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The truth is this sexting game is not that easy in practice.You have to trust the person you’re sending the message to, you have to keep in mind that you don’t want to penalize your partner for something that other untrustworthy partners have done and you have to not overextend yourself in a ways that you’ll regret later.As I grew more selective, my profiles grew less playful. I added more shirtless pics and naked pics; I worked out harder; I left my descriptions blank so I would have nothing to blame for a guy not messaging me back, other than his own "preference." But it was never enough. I would wait with bated breath for a response from a guy and if it didn't come I would wonder what was wrong with me. Giving all the goods off the bat, however, takes the surprise and spontaneity out of meeting each other.Some guys can put aside their personal feelings with a studied yet cool sense of detachment; they can allegedly just have fun and not take this silly thing too seriously. But these apps and sites have rendered me completely unable to interact with guys in any other way because they cater to my insecurity. My insecurity with coming off too effeminate or too needy. The insecurity that you're not masculine enough when masculinity is demanded of you -- absolutely -- as a matter of course from other gay men. From the ludicrously inflated pecs of Tom of Finland to the sculpted torsos on Grindr, gay men have always prized the hyper masculine, but this exaltation of all things manly forces those of us who don't necessarily fit within those rigid gender constructs to make one of two choices: rebel or conform. Femininity is weakness, is undesirable, is a boner-killer if there ever was one.While I don’t think that sending nudes or racy photos to one’s significant other is a problem or something that should never be done, I do think it’s important that you’re smart about it.And also, if you’re smart about it, you’ll avoid a lot of the risk associated with the potential for your photos to find their way to the public eye.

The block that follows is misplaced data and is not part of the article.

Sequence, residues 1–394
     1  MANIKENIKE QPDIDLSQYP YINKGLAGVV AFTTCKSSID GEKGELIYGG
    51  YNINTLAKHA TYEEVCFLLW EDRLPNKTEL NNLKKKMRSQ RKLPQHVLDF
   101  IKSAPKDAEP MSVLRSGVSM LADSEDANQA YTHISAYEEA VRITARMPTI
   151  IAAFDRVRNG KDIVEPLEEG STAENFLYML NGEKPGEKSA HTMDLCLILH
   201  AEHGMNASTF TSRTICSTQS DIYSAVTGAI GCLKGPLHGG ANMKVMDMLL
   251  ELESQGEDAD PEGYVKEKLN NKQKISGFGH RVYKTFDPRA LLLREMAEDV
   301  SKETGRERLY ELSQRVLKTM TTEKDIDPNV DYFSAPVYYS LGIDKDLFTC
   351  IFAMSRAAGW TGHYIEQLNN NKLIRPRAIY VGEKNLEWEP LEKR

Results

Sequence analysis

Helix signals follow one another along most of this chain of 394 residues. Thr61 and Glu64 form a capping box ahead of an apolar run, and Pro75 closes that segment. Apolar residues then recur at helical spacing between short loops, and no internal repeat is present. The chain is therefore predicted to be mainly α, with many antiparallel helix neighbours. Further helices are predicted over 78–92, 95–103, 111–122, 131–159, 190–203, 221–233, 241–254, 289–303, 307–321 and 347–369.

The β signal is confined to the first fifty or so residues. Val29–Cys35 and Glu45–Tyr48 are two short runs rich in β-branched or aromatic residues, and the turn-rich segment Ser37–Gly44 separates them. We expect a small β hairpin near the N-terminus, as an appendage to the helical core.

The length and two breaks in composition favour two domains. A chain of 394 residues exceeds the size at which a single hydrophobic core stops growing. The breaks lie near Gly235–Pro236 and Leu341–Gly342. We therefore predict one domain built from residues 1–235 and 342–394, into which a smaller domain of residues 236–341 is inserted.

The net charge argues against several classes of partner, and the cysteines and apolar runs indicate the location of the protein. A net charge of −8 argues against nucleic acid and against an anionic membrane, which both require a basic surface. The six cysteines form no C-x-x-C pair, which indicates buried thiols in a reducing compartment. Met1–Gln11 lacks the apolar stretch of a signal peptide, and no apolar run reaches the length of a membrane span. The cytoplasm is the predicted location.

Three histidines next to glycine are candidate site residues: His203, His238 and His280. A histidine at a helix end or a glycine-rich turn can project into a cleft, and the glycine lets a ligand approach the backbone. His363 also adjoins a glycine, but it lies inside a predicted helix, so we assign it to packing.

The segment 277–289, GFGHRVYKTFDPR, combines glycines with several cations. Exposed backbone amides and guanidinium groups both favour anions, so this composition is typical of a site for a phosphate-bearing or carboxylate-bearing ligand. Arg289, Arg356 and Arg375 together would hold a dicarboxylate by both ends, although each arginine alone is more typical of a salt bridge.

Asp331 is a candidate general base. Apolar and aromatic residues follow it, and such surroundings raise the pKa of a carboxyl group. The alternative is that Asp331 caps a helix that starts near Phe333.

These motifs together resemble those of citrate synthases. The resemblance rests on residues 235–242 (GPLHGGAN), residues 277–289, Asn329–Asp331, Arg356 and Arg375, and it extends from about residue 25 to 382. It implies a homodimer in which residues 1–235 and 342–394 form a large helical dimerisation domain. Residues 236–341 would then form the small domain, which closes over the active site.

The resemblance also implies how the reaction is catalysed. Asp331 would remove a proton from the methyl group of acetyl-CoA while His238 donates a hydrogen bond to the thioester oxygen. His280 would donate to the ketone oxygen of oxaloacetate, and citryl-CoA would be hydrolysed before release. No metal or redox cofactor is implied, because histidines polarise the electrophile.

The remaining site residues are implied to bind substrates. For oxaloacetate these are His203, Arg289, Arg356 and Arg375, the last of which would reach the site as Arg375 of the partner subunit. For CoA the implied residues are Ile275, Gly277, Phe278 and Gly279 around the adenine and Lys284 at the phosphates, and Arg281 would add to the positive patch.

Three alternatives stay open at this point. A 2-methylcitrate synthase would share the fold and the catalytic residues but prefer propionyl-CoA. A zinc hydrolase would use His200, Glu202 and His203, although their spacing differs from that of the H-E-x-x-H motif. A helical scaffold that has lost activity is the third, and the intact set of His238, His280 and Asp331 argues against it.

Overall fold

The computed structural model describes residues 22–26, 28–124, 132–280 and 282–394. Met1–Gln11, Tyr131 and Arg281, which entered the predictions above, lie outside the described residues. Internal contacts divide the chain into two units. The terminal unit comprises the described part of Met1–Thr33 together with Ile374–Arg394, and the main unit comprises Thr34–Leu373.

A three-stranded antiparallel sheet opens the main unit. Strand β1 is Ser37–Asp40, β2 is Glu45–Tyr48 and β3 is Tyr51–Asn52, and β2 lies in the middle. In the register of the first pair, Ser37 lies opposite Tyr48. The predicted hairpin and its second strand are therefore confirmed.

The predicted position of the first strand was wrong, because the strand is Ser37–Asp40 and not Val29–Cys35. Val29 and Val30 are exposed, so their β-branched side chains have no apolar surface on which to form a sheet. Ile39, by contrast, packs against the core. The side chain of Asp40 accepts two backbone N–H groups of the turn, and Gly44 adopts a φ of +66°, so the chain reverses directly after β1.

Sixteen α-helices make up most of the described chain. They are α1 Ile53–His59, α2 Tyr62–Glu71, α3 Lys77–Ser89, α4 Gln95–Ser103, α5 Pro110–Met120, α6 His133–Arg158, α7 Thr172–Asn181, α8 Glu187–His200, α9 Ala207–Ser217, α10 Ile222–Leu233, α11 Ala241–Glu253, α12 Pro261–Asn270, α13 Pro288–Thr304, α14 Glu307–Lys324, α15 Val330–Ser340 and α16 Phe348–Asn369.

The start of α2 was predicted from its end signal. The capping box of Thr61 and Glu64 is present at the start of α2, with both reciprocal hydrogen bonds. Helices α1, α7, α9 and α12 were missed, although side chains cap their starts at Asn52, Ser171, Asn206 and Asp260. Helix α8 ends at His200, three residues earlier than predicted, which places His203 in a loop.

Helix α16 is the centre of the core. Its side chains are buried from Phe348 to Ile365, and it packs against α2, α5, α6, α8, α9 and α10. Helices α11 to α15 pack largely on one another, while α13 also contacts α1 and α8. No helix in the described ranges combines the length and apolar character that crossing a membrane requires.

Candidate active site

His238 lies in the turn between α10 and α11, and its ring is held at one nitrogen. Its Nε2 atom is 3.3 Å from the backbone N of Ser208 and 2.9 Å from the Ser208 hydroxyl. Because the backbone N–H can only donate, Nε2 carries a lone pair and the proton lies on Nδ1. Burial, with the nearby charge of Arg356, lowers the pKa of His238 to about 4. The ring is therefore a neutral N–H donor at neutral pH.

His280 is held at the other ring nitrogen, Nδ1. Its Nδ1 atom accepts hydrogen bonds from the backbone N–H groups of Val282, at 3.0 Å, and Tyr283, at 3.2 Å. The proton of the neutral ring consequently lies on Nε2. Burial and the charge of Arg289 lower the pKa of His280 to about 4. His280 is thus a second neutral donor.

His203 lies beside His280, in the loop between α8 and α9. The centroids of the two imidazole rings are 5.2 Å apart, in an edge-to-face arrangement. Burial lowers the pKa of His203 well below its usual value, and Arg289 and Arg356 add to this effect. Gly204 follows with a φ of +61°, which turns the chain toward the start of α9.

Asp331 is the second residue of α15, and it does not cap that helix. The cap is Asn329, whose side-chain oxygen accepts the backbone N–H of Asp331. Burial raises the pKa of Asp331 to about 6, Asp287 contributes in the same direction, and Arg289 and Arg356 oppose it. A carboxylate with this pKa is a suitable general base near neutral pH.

It's one thing to be rejected based on a picture and a headline, but to be rejected based on something more substantial like personality is a soul-crusher. This is the faceless face of hooking up in the 21st century.I've spent countless hours, whether alone or in the company of friends I rudely ignored, staring intently at my phone, slavishly yet listlessly flipping through the same profiles, wasting my time and poking holes in my self-esteem for what? I can work out obsessively; I can take shirtless, faceless selfies of myself and plaster them across the internet; I can pretend to be masculine, but I can't be something I'm not. I tried to be myself, or rather, to represent myself as truthfully as I could. Well it’s not because the thing is in 2014 people communicate via text and phone much more than they communicate in person.But there was a point a couple of weeks ago when all the drama about “leaked” nudes was at its peak that someone finally raised the most critical and pertinent point: It’s not about the fact that someone takes nudes, it’s about the fact that someone decides to leak the nudes to media outlets.